Share This Page
NHL

Boston beefs up security

| Wednesday, April 17, 2013, 8:27 p.m.

BOSTON — Security was tightened at the TD Garden, where the Boston Bruins played the Buffalo Sabres on Wednesday night in the first major sporting event in the city since the marathon bombings.

Cars were searched inside and out before entering the arena's underground garage in the morning, with guards using a mirror on a pole to check the undercarriage. Sports writers, usually subject to only the most cursory inspection, were waved with a metal-detecting wand when passing through security for the Bruins' morning skate.

“It brings back memories you don't want,” said Bruins forward Jay Pandolfo, who was with the New Jersey Devils during the attacks of Sept. 11, 2001. “It's something you don't want to think about. You want to go ahead with your life. You don't want to live in fear.”

Inside the Garden lobby, which doubles as the North Station rail terminal, uniformed and plain-clothed police wandered among the commuters. Police cars and motorcycles were lined up on an access road outside.

“I'm sure tonight will be full of emotion,” forward Chris Kelly said. “If we can go play hard to help the city of Boston in any way we can, I know everybody in this locker room would be willing to do that.

“We love the city. We want to help in any way we can — if we can give them 10 minutes of joy, or 20 hours of joy — anything we can do.”

The Bruins' game against the Ottawa Senators on Monday night was to take place hours after a pair of bombs killed three people and injured more than 170 others at the finish line of the Boston Marathon. The game was postponed until April 28.

“You're trying to live your life in peace, and there's people trying to disrupt that,” Bruins coach Claude Julien said. “The people trying to live their life in peace are going to stick together.”

Pandolfo, who went to Boston University, watched the marathon pass by as a student in the 1990s, before the Sept. 11 attacks brought the fear of terrorist attacks to U.S. soil.

“It's a great day. It's a great day for a lot of people,” he said. “There's no reason for this to happen. You never thought something like this could happen, especially in the city of Boston. Stuff like this doesn't cross your mind.”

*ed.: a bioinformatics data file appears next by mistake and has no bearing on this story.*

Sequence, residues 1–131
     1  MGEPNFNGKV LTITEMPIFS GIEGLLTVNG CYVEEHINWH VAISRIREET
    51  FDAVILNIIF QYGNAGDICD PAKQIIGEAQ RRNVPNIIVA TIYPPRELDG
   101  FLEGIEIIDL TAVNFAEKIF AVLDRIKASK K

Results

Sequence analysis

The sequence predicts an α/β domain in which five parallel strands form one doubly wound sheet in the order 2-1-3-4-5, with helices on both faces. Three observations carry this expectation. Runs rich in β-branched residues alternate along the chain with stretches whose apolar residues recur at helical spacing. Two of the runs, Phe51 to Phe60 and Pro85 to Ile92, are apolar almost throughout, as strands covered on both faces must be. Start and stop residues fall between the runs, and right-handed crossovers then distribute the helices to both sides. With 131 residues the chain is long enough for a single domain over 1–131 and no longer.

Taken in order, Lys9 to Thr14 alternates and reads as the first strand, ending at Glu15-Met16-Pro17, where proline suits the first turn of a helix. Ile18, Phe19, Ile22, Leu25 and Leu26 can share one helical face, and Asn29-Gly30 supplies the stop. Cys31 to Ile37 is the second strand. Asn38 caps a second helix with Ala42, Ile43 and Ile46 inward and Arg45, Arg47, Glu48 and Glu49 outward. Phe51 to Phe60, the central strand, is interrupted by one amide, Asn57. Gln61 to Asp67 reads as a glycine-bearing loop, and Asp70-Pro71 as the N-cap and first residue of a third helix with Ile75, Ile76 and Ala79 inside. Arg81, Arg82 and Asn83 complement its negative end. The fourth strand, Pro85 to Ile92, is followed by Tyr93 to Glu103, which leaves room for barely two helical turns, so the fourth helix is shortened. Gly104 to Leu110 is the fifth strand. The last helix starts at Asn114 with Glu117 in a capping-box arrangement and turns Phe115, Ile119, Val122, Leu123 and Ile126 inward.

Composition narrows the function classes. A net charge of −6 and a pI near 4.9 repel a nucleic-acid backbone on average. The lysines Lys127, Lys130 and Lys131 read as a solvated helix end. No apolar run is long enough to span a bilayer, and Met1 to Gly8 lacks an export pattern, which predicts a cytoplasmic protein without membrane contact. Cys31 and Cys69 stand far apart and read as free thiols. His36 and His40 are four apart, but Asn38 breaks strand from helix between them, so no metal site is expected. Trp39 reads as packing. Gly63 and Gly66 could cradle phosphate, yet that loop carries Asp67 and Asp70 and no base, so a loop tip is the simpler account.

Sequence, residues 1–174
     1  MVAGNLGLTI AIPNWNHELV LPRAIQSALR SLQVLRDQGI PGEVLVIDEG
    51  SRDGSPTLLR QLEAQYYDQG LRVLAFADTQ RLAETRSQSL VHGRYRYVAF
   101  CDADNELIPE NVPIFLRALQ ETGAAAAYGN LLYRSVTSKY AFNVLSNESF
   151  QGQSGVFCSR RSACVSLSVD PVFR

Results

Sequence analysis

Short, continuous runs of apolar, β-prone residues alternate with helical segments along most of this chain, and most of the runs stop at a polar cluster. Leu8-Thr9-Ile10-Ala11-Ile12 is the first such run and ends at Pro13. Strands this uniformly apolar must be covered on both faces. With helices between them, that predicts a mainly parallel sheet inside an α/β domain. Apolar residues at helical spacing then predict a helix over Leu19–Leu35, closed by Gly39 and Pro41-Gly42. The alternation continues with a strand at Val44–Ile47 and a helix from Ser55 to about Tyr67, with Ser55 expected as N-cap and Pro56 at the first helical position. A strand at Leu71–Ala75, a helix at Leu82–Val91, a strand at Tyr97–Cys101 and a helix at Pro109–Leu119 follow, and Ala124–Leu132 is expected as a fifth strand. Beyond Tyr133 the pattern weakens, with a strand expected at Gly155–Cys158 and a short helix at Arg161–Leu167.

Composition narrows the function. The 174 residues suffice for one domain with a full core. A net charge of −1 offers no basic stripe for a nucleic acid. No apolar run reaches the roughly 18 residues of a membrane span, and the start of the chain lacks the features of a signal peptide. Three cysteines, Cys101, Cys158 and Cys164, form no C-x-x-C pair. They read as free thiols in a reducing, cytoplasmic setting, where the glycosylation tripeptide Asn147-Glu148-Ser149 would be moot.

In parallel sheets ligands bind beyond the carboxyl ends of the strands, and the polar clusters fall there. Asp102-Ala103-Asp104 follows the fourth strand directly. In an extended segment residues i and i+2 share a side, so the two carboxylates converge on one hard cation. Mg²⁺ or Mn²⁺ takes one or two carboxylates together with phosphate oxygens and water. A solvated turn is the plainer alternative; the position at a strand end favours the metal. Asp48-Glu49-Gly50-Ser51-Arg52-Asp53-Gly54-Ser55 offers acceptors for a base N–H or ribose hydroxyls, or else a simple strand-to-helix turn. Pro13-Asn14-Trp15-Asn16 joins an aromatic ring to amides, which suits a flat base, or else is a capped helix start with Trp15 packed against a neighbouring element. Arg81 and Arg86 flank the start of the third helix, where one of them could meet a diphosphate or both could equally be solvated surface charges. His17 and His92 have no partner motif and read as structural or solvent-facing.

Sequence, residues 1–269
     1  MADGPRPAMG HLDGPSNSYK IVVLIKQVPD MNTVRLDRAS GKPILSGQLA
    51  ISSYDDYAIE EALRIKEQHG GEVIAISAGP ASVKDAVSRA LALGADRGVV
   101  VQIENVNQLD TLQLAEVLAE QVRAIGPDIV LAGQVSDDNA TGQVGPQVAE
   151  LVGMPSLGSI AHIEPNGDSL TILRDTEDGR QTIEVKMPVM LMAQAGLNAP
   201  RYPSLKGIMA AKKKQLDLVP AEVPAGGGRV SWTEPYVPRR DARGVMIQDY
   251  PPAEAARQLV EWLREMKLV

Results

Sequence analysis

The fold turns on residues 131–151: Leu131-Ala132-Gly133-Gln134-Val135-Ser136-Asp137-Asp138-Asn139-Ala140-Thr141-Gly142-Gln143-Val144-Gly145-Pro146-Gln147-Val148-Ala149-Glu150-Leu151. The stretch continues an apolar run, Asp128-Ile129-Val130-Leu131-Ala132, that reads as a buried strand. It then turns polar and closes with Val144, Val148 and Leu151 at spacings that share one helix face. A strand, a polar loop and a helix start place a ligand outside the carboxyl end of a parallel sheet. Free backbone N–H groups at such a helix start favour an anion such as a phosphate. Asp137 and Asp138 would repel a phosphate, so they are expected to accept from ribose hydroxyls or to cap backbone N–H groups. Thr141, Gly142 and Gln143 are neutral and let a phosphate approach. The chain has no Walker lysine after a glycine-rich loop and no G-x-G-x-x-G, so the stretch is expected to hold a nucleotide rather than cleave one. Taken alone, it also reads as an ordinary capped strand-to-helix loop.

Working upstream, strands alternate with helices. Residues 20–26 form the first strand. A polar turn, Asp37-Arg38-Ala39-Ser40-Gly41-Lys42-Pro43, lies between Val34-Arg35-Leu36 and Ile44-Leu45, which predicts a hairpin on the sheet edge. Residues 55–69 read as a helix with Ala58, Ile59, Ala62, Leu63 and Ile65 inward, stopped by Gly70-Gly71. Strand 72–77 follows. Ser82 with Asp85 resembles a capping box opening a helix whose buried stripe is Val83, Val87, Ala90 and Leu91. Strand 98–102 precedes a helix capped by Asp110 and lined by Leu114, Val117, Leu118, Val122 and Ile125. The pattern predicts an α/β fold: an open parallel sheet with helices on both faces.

All of the Bruins players said they feel safe at the arena and walking around the city, commending authorities for the added security since the bombing. Any anxiety, Julien said, needs to be directed toward the game.

“It's a different feeling, but you're battling with your inner strength to not let it get the best of you,” he said. “The best thing we can do is to make things better for the people of Boston. Sports is a great way to pull people together. Just going out there making the city proud of their team, and that's what we're going to do.”

TribLIVE commenting policy

You are solely responsible for your comments and by using TribLive.com you agree to our Terms of Service.

We moderate comments. Our goal is to provide substantive commentary for a general readership. By screening submissions, we provide a space where readers can share intelligent and informed commentary that enhances the quality of our news and information.

While most comments will be posted if they are on-topic and not abusive, moderating decisions are subjective. We will make them as carefully and consistently as we can. Because of the volume of reader comments, we cannot review individual moderation decisions with readers.

We value thoughtful comments representing a range of views that make their point quickly and politely. We make an effort to protect discussions from repeated comments either by the same reader or different readers

We follow the same standards for taste as the daily newspaper. A few things we won't tolerate: personal attacks, obscenity, vulgarity, profanity (including expletives and letters followed by dashes), commercial promotion, impersonations, incoherence, proselytizing and SHOUTING. Don't include URLs to Web sites.

We do not edit comments. They are either approved or deleted. We reserve the right to edit a comment that is quoted or excerpted in an article. In this case, we may fix spelling and punctuation.

We welcome strong opinions and criticism of our work, but we don't want comments to become bogged down with discussions of our policies and we will moderate accordingly.

We appreciate it when readers and people quoted in articles or blog posts point out errors of fact or emphasis and will investigate all assertions. But these suggestions should be sent via e-mail. To avoid distracting other readers, we won't publish comments that suggest a correction. Instead, corrections will be made in a blog post or in an article.